William Wycherley was born in Clive, a little village in Shropshire, a county in England. Like the sons of many well-to-do families, Wycherley went to France, during the time when the heir to the English throne, Charles II, was a fugitive. Charles's father was beheaded by Parliament and his son did not wish to meet the same fate. While in France, Wycherley learned the ways of upper-class society, in the company of a social butterfly, Duchesse de Montausier. Many of the witticisms that figure in Wycherley's comedies were influenced by French manners.
Back in England, in 1659, Wycherley passed the bar and became a lawyer. For a while, Wycherley dabbled in natural philosophy at Oxford University but did not complete a degree.
It seems Wycherley practiced law for about twelve years, but he must have also been trying his hand at writing plays. Love in a Wood was published and performed in 1672. The same year, partially as a result of the play's success, he came under the favor of the Duchess of Cleveland, a famous beauty and one of King Charles II's mistresses. Through her good offices, Wycherley joined the services of Lord Buckingham, himself a renowned writer of comedies. In 1673, his second play, The Gentleman Dancing Master, was produced and became a roaring success.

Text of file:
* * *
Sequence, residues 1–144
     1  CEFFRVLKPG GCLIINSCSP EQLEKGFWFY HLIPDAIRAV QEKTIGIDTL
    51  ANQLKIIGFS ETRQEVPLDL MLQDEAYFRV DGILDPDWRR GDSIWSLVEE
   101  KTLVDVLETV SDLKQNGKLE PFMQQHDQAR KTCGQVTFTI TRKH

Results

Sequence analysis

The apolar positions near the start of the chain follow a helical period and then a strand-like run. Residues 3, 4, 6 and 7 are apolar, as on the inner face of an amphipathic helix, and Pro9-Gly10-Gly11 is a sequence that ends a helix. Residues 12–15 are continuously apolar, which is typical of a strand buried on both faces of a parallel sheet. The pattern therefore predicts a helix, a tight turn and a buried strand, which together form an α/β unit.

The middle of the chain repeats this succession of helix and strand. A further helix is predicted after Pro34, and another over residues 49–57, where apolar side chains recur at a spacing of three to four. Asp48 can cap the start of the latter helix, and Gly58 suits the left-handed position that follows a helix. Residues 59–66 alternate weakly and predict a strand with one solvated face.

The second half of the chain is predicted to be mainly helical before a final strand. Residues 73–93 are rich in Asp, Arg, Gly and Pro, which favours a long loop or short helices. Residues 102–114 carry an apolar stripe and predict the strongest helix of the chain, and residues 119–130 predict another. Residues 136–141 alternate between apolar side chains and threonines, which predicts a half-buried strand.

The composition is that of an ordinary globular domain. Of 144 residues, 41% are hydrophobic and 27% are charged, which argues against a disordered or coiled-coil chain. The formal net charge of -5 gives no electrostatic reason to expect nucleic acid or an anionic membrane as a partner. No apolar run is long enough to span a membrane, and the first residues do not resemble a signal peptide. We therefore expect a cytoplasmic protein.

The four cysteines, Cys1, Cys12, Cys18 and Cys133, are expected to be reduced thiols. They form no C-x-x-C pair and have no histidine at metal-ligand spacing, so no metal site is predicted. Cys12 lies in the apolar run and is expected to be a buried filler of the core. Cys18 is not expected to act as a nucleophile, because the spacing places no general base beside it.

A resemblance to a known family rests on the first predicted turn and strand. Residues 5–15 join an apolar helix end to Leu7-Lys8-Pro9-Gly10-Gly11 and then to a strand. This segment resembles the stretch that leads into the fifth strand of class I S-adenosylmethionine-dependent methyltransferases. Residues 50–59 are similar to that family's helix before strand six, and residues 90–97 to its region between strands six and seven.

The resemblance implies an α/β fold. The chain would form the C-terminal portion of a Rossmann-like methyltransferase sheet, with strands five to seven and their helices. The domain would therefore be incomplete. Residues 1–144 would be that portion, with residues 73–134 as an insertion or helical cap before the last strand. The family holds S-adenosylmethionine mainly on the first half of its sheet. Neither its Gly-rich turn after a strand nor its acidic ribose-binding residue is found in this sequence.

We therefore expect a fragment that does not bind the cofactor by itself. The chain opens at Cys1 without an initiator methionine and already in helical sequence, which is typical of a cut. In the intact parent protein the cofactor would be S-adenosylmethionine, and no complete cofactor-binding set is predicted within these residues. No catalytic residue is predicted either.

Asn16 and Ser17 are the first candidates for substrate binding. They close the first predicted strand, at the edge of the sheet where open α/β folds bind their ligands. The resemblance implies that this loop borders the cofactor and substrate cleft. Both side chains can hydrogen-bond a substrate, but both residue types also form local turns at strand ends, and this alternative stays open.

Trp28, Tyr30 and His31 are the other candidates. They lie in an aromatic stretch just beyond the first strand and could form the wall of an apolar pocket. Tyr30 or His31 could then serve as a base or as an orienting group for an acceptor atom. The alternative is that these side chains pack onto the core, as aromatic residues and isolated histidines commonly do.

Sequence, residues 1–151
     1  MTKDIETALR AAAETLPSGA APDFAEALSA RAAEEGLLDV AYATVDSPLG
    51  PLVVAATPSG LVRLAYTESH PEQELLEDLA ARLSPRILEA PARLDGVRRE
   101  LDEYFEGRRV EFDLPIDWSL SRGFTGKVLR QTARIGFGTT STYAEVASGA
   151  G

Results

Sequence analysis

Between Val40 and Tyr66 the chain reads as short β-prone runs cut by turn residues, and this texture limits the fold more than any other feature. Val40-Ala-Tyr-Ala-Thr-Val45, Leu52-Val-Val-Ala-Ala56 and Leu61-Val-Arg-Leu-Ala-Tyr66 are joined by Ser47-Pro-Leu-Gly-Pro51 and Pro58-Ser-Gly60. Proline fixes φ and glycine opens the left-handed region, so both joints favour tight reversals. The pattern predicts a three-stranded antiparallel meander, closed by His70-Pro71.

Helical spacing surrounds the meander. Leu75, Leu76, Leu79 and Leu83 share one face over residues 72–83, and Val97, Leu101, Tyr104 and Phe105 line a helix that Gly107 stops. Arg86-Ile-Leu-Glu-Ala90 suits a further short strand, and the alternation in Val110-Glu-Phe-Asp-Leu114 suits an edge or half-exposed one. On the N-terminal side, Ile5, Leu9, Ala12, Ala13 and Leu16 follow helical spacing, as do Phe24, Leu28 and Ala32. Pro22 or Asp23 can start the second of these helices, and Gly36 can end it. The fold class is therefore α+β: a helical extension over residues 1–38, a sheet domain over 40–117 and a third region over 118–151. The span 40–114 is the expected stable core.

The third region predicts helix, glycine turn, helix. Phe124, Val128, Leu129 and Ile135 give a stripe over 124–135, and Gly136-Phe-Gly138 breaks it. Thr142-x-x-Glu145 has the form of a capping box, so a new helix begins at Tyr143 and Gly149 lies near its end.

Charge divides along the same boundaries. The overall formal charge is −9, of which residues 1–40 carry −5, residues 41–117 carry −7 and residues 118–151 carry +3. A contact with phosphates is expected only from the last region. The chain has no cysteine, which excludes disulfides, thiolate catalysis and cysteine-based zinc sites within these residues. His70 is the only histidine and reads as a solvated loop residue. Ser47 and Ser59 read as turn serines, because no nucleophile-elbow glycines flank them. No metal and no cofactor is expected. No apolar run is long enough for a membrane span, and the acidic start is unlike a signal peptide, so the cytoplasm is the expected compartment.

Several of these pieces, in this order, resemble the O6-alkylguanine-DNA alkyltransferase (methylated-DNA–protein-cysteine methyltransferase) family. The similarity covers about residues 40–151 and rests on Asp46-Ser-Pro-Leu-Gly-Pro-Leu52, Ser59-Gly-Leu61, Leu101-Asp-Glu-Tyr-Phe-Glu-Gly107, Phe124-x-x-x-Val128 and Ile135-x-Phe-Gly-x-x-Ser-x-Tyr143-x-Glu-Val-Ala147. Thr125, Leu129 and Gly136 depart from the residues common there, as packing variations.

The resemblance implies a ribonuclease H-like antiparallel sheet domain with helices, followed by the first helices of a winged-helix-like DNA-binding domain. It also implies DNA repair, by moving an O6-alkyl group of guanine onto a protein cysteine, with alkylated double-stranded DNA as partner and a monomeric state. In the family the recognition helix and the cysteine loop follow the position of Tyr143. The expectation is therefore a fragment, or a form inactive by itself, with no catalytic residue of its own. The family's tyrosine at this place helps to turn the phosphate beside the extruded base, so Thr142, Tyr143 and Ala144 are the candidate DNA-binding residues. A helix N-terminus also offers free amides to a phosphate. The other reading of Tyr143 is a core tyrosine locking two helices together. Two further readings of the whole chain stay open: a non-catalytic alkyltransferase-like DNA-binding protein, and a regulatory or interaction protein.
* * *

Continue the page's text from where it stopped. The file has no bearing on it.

By 1675, William Wycherley had firmly established himself as a playwright and had come under the notice of the King himself. His stock was on the rise when The Country Wife, his best-known comedy, was published and performed. In 1676 his fourth play, The Plain Dealer, was produced and became another huge success.
In 1678, however, Wycherley fell seriously ill. Charles II recommended a journey to France because the king thought the warmer climate would do Wycherley good. He gave Wycherley five-hundred pounds for expenses, an enormous sum for that time.
Money plus the good life in France...
(The entire section is 507 words.)